This module will encourage you to work in small groups on a single unpredictable design problem over the duration of the module project. Each week you will be introduced to different elements of the process and will then put these into practice on your task.
Designing for Print
The production of original visual material making use of principles is vital to graphic design and interaction. In response to this demand this module introduces designing for print and how graphic design conveys messages, meaning and information compositionally through the development of shape, structure, balance and hierarchy, and semantically through typography. This module will encourage you to produce experimental design ideas and explore arrangements of type and image with consideration to visual communication, through the awareness and proficiency with the operation of a range of professional image production software and associated processes and techniques (such as applications in the Adobe Creative Suite).
Designing for Web
You will study the basic concepts of web design and production using industry standard tools and techniques. You will be introduced to a range of different technologies and practices that will give you an insight into how the web works and the different ways of producing material for it, and will be introduced to applicable theoretical concepts such as Web standards, Human Computer Interface (HCI), Accessibility and Usability.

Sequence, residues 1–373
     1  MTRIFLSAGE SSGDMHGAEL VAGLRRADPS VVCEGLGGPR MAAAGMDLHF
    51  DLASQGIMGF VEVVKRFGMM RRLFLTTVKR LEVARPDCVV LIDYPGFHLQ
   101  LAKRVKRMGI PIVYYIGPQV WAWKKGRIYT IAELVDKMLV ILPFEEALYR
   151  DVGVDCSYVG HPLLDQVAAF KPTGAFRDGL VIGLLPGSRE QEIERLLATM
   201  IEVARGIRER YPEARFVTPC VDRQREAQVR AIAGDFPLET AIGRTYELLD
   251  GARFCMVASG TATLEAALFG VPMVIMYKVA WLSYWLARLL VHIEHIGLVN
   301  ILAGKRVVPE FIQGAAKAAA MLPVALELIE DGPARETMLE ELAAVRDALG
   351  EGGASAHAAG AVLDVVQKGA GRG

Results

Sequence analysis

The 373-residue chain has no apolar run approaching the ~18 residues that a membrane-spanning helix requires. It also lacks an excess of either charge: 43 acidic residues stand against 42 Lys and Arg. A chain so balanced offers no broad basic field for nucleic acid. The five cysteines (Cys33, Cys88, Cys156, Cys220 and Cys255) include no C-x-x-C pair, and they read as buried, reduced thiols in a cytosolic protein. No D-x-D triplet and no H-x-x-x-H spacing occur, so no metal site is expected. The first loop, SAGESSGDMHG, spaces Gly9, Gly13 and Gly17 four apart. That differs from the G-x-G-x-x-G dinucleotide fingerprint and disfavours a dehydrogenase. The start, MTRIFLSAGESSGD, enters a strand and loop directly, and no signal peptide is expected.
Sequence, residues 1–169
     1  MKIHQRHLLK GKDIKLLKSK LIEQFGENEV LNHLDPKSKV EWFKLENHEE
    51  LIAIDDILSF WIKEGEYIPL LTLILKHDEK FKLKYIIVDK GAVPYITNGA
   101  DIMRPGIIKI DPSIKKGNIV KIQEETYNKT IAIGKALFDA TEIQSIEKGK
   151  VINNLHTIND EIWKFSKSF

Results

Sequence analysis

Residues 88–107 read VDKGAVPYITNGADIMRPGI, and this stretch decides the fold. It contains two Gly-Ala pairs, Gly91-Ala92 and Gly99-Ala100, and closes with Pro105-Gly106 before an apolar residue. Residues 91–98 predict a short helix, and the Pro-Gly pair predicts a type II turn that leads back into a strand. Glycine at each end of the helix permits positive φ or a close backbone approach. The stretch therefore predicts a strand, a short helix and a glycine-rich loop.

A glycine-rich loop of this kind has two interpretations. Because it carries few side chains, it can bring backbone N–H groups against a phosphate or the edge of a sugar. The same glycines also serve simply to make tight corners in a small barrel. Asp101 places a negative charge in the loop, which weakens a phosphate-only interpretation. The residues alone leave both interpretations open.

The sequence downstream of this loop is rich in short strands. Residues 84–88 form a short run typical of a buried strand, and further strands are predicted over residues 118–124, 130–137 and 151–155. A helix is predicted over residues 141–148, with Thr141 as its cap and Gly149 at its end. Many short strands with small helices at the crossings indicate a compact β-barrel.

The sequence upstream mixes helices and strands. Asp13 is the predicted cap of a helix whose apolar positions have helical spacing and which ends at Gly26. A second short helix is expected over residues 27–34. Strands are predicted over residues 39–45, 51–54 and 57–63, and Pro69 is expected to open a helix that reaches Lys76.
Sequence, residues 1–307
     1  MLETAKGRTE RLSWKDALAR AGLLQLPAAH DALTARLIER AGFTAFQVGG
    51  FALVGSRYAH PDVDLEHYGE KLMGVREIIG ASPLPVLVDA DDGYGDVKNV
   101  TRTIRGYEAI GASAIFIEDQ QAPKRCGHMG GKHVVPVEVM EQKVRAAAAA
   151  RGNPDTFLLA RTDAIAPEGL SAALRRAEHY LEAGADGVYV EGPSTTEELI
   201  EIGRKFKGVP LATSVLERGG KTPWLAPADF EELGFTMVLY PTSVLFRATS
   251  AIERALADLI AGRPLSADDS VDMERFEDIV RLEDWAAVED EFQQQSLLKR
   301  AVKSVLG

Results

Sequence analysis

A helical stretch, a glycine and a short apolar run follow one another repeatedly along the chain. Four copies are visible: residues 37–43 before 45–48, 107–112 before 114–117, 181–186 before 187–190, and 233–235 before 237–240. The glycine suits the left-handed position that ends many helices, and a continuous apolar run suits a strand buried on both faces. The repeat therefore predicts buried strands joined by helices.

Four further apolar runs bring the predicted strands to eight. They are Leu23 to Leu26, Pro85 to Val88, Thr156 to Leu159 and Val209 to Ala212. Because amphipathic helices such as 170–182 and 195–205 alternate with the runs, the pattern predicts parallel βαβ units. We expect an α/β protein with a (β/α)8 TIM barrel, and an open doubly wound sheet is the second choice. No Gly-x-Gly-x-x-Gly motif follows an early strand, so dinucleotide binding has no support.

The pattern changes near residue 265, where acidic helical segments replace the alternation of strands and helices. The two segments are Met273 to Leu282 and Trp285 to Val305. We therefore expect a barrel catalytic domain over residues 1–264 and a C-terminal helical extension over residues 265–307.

You will explore the production of images using a range of equipment and tools for the generation of images to fulfil design briefs. Initial sessions will cover the creation of a picture library and cover a range of manual illustration styles and the equipment required to complete them and then move on to cover a range of photographic techniques. Finally you will make use of digitisation technologies to develop a taxonomy of illustration options, assessing them critically for their affective properties in design.
Initially you will be introduced to the basic digital video production based practical skills e.g.: exploring software tools and output methods. This module places emphasis on practical video and animation work in order to develop your procedural, technical and constructive skills, and is designed to serve as an example of the complete production process. You will individually produce short animations for web based distribution and explore the technical considerations of encoding, bandwidth and interaction. You will be encouraged to make experimental use of digital and analogue animation techniques with reference to other creative forms e.g.: pixellation, stop-motion, paper-based and object animation and theories salient to the production of animation for screen based consumption.
This module serves as an underpinning perspective on the themes and complexities explored in the project modules. In so doing, design theory presents critical and core theory, texts and examples, and situates design within the broader cultural, political, artistic and commercial contexts. The module aims to support your project work by offering a range of perspectives, challenges and inspiration, and ultimately develop your understanding of where design might be located as a practice, and aims to examine both past and contemporary practices and practitioners. Knowledge and understanding acquired through this module will directly inform your preparation and design development for the project modules they are undertaking and, in order to enable this, the delivered content responds directly to the themes explored: process, identity, form, affect and environment. While this content is intended to support and underpin your practical project development, you are also expected to engage in essay writing and develop skills in research and the articulation of arguments through writing.
Graphic Design Agency